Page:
- Buyers Guide
Since writing this article, additional news items have been released to support this story as we will continue to follow it. About a week ago, Skyworks announced a cost-effective CMOS front-end module (FEM) for GPRS handsets. Skyworksâ new device offers handset OEMs architectures and high-performance solutions for entry-level phones in a small 5 x 6 mm package. By eliminating the need to optimize matching between the amplifier and the switch, this module helps accelerate customersâ time-to-market relative to other more traditional architectures, and simplifies the supply chain for high-volume, cost-sensitive phones. I believe this device is a continuation of the work done by Axiom Microdevices that they acquired about a year ago. This keeps them in the cellular handset market with both technologies.
And now Engalco has released a new report on how GaN and SiGe are making in roads into traditional GaAs markets. According to their market report â MMICs2 â the compound semiconductor MMIC market to 2015 â GaAs MMICs will remain important, while GaN and SiGe MMICs will progressively invade these markets. Although the overall worldwide total markets are forecasted to reach $6.26 B in 2015, this total continues to be dominated by the commodity markets of cell phones (over $3 B) and both intelligent cruise control and mobile WiMAX ($1.2 B each). After these end-users have been considered, the remaining market segments of defense, ISM, microwave radio, millimeter-wave radio, SATCOM and SATNAV all come in with much lower market shares. Of these, microwave radio accounts for a market worth around $280 M in 2015; millimeter-wave radio exhibits exceptionally high (double-digit) growth to reach $420 M in the same year. The latter market is driven by the exploding capacity requirements of multi-Gbit links.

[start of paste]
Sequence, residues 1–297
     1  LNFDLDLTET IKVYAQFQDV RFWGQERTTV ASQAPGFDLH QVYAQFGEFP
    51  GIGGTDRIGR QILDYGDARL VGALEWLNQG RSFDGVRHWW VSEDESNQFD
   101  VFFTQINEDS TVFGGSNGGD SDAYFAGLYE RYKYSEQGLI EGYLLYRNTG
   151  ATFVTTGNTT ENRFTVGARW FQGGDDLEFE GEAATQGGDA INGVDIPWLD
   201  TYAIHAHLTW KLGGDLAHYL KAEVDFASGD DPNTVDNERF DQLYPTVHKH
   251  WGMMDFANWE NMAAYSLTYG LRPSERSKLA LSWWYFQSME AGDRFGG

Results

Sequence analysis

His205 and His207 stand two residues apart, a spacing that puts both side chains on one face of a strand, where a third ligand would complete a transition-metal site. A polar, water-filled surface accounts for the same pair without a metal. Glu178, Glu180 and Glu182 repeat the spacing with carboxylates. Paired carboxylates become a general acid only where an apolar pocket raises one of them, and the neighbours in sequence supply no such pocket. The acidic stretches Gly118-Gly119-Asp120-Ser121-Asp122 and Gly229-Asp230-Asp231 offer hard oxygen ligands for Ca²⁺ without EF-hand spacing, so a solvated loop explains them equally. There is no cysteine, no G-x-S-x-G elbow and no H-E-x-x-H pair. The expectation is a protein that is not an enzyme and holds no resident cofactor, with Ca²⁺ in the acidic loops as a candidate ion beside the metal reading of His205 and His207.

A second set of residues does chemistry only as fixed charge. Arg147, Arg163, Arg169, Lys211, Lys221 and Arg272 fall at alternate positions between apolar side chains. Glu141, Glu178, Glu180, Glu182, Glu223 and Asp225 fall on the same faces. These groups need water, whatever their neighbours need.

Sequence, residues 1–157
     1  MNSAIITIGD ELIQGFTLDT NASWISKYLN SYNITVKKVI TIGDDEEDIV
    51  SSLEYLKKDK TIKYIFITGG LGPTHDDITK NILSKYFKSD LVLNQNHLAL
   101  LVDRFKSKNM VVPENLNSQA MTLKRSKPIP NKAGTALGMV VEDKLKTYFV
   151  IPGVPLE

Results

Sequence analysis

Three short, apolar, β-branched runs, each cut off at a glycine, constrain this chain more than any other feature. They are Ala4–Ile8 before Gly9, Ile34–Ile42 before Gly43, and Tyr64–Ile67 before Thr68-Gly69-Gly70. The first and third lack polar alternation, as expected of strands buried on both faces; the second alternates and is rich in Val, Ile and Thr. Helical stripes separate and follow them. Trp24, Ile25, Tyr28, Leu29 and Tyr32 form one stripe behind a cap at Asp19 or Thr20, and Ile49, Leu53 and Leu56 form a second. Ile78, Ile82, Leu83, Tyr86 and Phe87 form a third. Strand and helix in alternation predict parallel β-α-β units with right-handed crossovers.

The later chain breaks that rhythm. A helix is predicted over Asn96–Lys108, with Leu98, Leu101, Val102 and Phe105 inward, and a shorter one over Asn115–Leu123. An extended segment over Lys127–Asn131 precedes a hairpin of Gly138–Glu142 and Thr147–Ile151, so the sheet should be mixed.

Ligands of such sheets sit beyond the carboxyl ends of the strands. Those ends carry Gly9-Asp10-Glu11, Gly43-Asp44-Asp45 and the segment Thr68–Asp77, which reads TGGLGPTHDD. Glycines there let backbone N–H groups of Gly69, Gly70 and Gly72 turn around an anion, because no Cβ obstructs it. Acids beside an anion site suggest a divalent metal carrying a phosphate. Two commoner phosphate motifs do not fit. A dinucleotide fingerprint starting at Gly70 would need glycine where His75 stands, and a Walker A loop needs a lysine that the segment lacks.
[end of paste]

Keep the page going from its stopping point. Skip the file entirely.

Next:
In the defense segment the report says North America (principally the US) leads, but both Europe and Asia (especially) are increasingly important. The report indicates how both GaN- and SiGe-based MMICs will progressively invade many market segments. The utility of GaN MMICs for high-power/high-efficiency RF amplification is becoming well known; the application will also be extended to other functions in RF modules. SiGe-based MMICs are already being implemented in low-power signal processing roles, mainly in receivers and switches.